Vladimir Putin started by dismantling the power of the new oligarchs. Any attempt at meddling in politics was nipped in the bud. Mikhail Khodorkovsky was then the richest man in Russia, head of Yukos, an oil company formed during the privatization of the 1990s. As soon as Khodorkovsky showed any interest in politics he was charged with fraud and tax evasion and promptly exiled. Viktor Gusinsky, a media tycoon was arrested for misappropriation of funds and imprisoned. Sergei Magnitsky was an auditor at a Moscow law firm and uncovered a massive fraud by tax officials and police officers. He was arrested for reporting this to the authorities and died in custody at the age of 37. These are only a few examples of the clampdown on any opposition.

Next came the press and the intelligentsia. Liberal parties like Parnas and Yabloko slowly died. Election results were manipulated so that political opponents like Alexei Navalny were prevented from winning elections because results were manipulated. Navalny himself spent five years in a corrective labor colony. Those in the press who had described Putin’s party, United Russia, as a party of thieves and crooks simply disappeared. There is now only one television channel which broadcasts the news and it is entirely controlled by the state.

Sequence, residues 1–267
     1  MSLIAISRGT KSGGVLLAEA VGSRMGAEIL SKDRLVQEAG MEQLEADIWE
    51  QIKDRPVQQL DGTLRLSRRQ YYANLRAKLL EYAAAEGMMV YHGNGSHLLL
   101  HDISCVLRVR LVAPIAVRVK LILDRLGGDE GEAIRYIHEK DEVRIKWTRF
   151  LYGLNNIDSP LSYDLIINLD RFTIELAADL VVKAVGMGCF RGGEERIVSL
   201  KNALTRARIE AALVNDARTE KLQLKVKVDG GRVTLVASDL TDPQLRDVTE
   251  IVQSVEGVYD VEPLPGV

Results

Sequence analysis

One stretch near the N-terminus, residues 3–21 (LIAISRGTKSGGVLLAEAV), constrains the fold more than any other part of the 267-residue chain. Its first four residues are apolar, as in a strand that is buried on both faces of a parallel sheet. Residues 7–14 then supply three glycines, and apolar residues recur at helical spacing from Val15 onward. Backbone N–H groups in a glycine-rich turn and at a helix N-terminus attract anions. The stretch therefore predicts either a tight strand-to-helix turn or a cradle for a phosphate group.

Political murder is also employed with increasing frequency. Journalists have become prone to mysterious fatal accidents. Alexander Litvinenko who defected to Britain died of radiation poisoning by polonium. His slow death was shown on television for many days. Boris Nemtsov, a Putin opponent, was gunned down on the streets of Moscow. Anna Politkovskaya, a journalist from Novaya Gazeta and a human rights activist was found dead on the stairs outside her home. At least 21 other journalists have died under suspicious circumstances. Judges have been murdered for not following instructions.